Telltale has risen to prominence recently thanks to the massive success of their video game series based on The Walking Dead. Selling a ridiculous amount of units, migrating from a digital download to full retail release, and snatching the Game of the Year award at the Spike VGAs in 2012, Telltale has managed to become a developer that everyone has their eyes on. Of course, they are busy working away at the second season of The Walking Dead, but they have also been making another game series inspired by a comic book. This time it’s one based on the popular series Fables, serving as a prequel to that comic book series, and it is called The Wolf Among Us.
The Wolf Among Us stars Bigby Wolf, also known as the infamous Big Bad Wolf, as the sheriff of Fabletown. Fabletown is a section of New York that is currently inhabited by various figures and creatures from our folktales and legends. It turns out that these creatures have actually existed in various other worlds and dimensions, but thanks to a cataclysmic event known as “The Exodus”, they were forced to migrate to the the human world, which they find rather “mundane”.
The creatures that can pass as human or that can afford a glamour — which is a spell that allows them to look like humans — are allowed to live in Fabletown, which is protected from the mundies (non-Fable folk, think “muggle) by various charms designed to keep their minds too busy to focus on the oddities in Fabletown.
This first episode does a fantastic job of introducing these strange concepts to newcomers thanks to the natural way characters and situations are introduced, and by utilizing the Book of Fables. The Book of Fables is a directory of information and back-story on characters and locations that help flesh out the story and world even more. Something like this should be included in the next season of The Walking Dead, as it honestly makes every character deeper without even having to waste screen time developing the less important ones.
Faith, the title of the first episode, revolves around a couple of things. For one, there is a murder mystery that is up to Bigby to solve, and for two, it deals with Bigby’s past, especially in regards to the Woodsman, who is a major character here. The Woodsman is the man that, according to the legend of Little Red Riding Hood, cut the Big Bad Wolf (Bigby) open, stuffed his stomach full of rocks, and threw him in the river to save Red and her grandmother from certain death at the hands of the wolf. Nowadays he is an alcoholic, thirsty for when he was famous for his heroism, and a violent man at that.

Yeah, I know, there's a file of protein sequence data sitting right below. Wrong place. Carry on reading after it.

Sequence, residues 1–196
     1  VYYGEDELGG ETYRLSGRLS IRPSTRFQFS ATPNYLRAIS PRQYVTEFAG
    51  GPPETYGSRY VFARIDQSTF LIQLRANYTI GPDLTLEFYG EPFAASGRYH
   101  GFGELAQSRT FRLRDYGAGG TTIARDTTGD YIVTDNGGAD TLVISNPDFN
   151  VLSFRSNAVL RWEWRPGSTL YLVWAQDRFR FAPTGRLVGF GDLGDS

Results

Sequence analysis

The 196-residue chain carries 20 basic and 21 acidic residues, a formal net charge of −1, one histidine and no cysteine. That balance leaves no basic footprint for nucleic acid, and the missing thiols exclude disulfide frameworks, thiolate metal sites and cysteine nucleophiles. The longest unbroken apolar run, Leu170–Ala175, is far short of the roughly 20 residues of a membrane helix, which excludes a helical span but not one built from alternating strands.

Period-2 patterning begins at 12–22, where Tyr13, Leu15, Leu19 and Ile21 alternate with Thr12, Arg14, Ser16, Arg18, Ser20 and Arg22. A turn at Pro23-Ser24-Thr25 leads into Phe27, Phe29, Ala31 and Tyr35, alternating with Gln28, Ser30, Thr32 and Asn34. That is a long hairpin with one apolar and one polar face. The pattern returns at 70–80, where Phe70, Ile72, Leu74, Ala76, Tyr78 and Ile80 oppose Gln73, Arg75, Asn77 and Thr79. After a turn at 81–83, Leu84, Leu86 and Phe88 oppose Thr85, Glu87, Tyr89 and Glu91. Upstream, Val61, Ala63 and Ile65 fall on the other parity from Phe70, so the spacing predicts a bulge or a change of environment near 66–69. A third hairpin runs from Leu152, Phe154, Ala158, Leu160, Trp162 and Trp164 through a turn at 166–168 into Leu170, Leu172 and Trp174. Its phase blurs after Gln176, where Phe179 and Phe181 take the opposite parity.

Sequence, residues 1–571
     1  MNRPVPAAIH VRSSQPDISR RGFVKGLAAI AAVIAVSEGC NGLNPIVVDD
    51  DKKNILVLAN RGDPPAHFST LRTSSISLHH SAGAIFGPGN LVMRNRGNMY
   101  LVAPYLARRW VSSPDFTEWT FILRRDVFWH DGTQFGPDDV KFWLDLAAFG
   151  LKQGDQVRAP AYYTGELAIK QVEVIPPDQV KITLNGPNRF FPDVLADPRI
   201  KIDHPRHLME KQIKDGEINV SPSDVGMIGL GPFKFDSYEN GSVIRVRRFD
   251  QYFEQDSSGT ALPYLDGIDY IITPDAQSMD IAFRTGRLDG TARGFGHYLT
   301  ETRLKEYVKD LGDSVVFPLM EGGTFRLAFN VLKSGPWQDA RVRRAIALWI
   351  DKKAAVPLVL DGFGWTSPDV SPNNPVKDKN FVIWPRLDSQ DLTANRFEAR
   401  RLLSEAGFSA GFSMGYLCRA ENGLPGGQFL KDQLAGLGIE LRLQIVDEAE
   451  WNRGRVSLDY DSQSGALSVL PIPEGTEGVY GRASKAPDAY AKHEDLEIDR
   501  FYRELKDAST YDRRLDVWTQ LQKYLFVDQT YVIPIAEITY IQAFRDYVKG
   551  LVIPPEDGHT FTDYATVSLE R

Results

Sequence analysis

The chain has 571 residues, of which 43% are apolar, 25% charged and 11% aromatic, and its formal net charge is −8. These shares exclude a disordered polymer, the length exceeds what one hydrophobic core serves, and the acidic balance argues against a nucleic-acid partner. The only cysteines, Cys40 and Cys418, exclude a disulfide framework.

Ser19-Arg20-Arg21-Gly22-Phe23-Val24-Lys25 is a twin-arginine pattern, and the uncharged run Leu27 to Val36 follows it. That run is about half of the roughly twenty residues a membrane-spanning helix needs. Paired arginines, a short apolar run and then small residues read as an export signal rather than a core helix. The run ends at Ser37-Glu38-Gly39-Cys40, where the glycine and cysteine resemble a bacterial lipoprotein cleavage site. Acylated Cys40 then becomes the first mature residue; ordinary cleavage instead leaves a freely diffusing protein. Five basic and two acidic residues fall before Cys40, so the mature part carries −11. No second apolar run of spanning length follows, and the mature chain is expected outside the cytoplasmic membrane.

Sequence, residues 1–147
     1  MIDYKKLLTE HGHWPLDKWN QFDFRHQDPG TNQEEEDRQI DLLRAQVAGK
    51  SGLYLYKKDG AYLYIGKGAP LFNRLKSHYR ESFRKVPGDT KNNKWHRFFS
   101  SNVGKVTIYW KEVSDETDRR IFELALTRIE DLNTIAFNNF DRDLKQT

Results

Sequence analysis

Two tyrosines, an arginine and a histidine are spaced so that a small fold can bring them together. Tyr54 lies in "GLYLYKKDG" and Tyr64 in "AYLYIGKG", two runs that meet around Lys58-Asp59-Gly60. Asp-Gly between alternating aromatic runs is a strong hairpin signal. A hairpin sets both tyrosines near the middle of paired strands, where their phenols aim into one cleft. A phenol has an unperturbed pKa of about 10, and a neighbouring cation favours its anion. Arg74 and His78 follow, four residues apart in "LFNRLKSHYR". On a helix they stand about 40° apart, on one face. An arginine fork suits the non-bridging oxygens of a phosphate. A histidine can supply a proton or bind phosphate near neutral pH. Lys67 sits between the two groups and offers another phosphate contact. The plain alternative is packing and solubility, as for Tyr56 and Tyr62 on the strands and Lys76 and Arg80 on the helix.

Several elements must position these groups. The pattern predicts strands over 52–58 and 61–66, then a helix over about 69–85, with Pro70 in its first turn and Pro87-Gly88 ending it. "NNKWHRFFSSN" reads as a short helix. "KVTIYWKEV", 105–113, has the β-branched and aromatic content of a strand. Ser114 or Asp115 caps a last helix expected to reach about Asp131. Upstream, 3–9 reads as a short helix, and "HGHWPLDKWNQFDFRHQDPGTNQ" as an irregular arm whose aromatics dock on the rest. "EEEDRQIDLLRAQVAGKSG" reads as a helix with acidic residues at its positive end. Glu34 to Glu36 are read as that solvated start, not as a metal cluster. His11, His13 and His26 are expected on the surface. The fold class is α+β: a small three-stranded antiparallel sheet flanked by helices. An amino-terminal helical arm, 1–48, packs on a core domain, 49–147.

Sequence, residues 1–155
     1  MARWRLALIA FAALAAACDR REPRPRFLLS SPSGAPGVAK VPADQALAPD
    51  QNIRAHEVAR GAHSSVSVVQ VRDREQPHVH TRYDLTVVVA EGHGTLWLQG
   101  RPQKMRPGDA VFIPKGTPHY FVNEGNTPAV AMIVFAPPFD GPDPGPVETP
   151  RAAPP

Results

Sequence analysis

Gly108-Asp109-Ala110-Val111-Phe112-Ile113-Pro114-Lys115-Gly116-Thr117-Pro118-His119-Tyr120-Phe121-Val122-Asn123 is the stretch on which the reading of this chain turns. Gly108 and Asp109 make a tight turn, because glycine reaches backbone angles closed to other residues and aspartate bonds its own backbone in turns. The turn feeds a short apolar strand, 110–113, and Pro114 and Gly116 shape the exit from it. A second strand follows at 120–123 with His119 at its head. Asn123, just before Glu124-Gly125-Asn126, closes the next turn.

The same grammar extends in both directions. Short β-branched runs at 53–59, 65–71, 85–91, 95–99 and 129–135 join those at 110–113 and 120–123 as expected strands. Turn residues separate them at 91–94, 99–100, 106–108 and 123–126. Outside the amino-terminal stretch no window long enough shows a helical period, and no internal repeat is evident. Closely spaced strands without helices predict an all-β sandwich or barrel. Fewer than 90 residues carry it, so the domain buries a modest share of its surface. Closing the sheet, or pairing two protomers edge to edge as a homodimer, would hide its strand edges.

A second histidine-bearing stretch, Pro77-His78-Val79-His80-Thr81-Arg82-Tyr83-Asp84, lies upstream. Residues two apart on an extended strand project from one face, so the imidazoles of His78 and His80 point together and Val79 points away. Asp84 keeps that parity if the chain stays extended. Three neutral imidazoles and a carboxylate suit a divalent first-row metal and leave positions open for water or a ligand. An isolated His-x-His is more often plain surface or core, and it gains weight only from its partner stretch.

Since Fables are not humans, they can suffer a lot more damage than a person could. This opens the door for pretty fantastic fight scenes that would’ve been silly in The Walking Dead episodes. The Wolf Among Us definitely has more action than The Walking Dead did, with sinks being busted by heads, people being tackled out of windows, and arms being ripped off, among other things.
These action sequences are conducted through a series of QTEs that use the unique visual style of The Wolf Among Us to great effect. The QTEs here are more involving, requiring players to hold the analog stick in a direction instead of just flicking it, and failing or succeeding at QTEs have major consequences on how the scenes play out.
While The Wolf Among Us still uses a basic plot outline and doesn’t really let player choice have a hugely dramatic effect on the overall arc of the plot, it does manage to provide multiple choices that do leave a meaningful impact on the player. These choices are tough to make, which has become a hallmark of how Telltale designs gameplay. I was unable to skip through dialogue and scenes during replays of the game, though, so actually going back through to see how different events unfold based on different choices is more of a chore than it needs to be.
The Wolf Among Us borrows the basic cel-shaded visual style of The Walking Dead, but this makes sense because they are both born from the same medium. The Wolf Among Us manages to separate itself visually from The Walking Dead by using a lot of darker colors, with harsh purples and low lighting creating an effective noir-style atmosphere. The jazz music that accompanies these visuals manages to help cultivate this atmosphere into something truly special and engrossing.
Unfortunately, The Wolf Among Us also borrows the technical hiccups from The Walking Dead. Numerous times throughout this first episode, it’s not outlandish to count on freezes, lag, and other issues. That being said, these problems are significantly less prominent than they were in The Walking Dead, so Telltale seems to be steadily improving the “under the hood” quality of their point-and-click (and sometimes walk) adventure games.
It drags a bit in the middle, but overall The Wolf Among Us greatly impresses in its debut. The first episode is surprisingly lengthy, but nothing here is filler. The characters are greatly interesting, the plot is mysterious and exciting, and the world of Fables is a lot of fun to explore in a video game. My gaming DVR is definitely set to catch the next episodes of this adventure, and by that I mean I purchased the season pass…so the first episode did its job. I’m hooked.
Tested on Xbox 360. Final Score: 8.5/10